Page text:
1. Small to medium lawns - add grass into your HotBin each week
The HotBin will easily compost grass from a small-medium lawn (approx 40 litres/week or 1 large grass box per week, filling about a quarter of the bin each time). Add 1-part bulking agent to each 20-parts grass. Using a typical grass box of 40 litres of grass, you need to add 2 litres (a large mixing jug) of bulking agent. It is important you mix bulking agent into the grass. Adding it as a single layer before or on top of the grass will not solve the aeration issue. Adding the bulking agent into the grass box before cutting seems to mix it well!
This will generate some odour that you may well notice for 2 days. If this bothers you, there are two main ways to solve:
Remember the first few cuts in spring tend to generate 2-3 times the volume of grass as later cuts, so you may well have to adjust with the season.
2. Large lawn
If you have a large lawn and generate 3, 4 or more boxes each week, then you will need to consider a dedicated HOTBIN. It will cope with 2-4 boxes (about 60-80L) per week.
The same rules apply - but adding and mixing in large amounts of paper is intensive and requires a high degree of commitment – perhaps not what you want straight after cutting the lawn! You will already probably pile the grass high somewhere to rot and have odour. We suggest you live with the odour from the dedicated grass HOTBIN and reap the benefits of fast compost without anaerobic slime.
Assuming finished compost removal every 90 days, then 80L of grass, bulk density 50%, water content 80%, degradable content 80% = 1.6Kg compost. At 1:20 ratio, 80L requires 4L bulking agent. At 50% density, 20% water, large pieces 5%degradable, small pieces 80% = 0.9Kg of bulking in compost. Each weekly cut will rapidly ‘disappear’ reducing from 80L down to 5L.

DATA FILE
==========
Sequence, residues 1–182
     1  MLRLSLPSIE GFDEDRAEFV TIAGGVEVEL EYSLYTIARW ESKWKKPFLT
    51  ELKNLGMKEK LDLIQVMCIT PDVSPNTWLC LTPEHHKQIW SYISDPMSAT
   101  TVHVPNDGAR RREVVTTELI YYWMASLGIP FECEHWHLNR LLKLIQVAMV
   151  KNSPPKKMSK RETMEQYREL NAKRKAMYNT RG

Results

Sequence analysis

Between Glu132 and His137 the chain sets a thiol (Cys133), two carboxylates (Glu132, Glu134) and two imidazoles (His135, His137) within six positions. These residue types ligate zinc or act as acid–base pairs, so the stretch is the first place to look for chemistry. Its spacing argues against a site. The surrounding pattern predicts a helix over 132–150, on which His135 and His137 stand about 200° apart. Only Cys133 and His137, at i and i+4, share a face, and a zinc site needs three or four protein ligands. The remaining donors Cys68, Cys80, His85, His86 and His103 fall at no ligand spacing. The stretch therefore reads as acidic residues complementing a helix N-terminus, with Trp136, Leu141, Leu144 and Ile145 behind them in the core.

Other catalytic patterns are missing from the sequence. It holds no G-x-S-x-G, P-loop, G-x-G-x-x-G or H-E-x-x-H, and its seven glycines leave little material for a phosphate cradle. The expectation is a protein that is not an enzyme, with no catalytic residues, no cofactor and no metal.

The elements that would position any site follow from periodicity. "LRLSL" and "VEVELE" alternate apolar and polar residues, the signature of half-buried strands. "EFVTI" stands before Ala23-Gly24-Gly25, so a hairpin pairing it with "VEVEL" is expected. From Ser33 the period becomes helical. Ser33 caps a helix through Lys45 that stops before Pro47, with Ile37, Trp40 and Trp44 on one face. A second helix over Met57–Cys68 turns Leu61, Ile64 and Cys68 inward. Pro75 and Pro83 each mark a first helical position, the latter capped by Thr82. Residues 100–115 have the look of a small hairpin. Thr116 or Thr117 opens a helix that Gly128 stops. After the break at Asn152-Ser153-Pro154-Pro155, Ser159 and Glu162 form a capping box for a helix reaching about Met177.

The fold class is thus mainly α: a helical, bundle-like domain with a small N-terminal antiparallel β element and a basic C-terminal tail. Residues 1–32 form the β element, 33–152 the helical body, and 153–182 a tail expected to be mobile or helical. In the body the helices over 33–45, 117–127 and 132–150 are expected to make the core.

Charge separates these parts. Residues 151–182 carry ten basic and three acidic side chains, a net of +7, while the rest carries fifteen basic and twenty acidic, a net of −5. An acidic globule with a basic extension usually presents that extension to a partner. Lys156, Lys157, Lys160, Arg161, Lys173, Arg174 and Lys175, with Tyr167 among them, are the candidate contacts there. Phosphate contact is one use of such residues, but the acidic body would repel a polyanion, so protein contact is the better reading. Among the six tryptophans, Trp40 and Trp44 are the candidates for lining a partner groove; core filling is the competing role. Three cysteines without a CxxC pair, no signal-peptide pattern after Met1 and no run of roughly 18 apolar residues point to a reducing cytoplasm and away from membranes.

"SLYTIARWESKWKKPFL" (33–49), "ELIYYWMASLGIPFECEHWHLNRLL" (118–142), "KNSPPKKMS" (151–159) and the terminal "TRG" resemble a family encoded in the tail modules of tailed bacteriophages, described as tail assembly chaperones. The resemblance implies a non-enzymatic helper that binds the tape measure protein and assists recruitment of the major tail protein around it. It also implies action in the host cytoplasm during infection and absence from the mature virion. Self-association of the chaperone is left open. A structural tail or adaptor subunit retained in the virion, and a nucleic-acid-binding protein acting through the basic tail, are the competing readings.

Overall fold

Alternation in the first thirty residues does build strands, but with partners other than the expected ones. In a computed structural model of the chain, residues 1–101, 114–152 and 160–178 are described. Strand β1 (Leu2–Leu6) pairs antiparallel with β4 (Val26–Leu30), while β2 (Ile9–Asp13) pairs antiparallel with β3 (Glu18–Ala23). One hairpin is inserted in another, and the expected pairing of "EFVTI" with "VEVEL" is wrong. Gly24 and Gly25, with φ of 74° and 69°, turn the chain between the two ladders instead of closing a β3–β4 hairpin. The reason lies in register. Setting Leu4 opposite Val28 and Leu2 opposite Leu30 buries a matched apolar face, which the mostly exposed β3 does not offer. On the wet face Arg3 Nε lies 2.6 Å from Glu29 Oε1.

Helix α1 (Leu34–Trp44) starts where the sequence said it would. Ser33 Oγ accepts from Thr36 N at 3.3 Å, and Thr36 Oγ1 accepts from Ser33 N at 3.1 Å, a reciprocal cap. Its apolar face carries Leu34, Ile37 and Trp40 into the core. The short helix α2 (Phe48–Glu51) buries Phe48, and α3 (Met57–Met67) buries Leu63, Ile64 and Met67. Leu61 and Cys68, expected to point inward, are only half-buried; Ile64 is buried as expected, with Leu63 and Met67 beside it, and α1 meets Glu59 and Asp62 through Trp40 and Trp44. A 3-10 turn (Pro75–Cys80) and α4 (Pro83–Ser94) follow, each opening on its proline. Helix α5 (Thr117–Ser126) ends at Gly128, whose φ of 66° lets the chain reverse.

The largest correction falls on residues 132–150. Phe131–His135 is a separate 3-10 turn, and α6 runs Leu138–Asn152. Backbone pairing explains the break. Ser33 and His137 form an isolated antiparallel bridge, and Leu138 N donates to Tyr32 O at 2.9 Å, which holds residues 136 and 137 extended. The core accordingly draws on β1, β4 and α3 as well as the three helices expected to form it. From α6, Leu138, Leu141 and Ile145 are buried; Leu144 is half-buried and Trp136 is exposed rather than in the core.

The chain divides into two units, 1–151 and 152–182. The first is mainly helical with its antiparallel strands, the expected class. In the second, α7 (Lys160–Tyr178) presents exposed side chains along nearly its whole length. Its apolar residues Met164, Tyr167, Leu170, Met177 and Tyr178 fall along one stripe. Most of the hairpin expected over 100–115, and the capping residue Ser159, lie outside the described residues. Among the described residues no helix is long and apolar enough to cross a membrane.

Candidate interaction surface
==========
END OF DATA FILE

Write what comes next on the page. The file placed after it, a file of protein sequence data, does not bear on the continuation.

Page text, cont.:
Mix each box of grass 20:1 with wood chip bulking agent, add all grass to bin each week(filling it up almost completely). After 90 days, take out first compost. This will be quite woody (50/50 ratio wood chip). Either use as mulching, or re-use as bulking agent again, gradually increasing humus content after each run. (It also reduces need for bulking agent). The above method assumes your grass is dry (i.e. cut on a warm day). If damp or moist, you will need more energy to drive of water. For wet grass, add 3-4 hands full of chopped up corrugated cardboard per box of grass.
3. Leave the cuttings to compost on the lawn
Many gardening sites now actively promote leaving grass cuttings on the lawn. Normally you use an adapted/special mower blade that chops the grass into very small pieces (2-5 mm) and thoroughly spreads them. The method is to weekly trim of top third of grass and spread this evenly so it composts quickly, adding nutrients back to soil, but not creating thatch.
If you have the grass 'trail line' down side of mower, then this is not 'mulching' correctly, or you are leaving grass too long before cutting. Although the debate still goes on whether this increases thatch, many find it does not. If you walk regularly on lawn - you may find bits get on your shoes and are walked back into the house!
4. Best of both world’s
Add the first few cuts of the year (which tend to be large (say 3-4 boxes) into your empty HOTBIN. The bin is full for a week or so, and then rapidly becomes half-empty allowing on going use with food. After the spring cut, leave grass cuttings on lawn. Occasionally (e.g. when cutting hedges) add the grass box to mower and collect grass to complement garden 'browns'.
5. Transfer grass to Local Authority
This is unlikely to interest HOTBIN users, but it is possible to have grass collected at the kerbside and taken to the council recycling centre. We are strong believers in home composting and believe in the environmental benefits of saving fuel and transport.
We have had rave reviews on how fast and efficient the HOTBIN is with grass!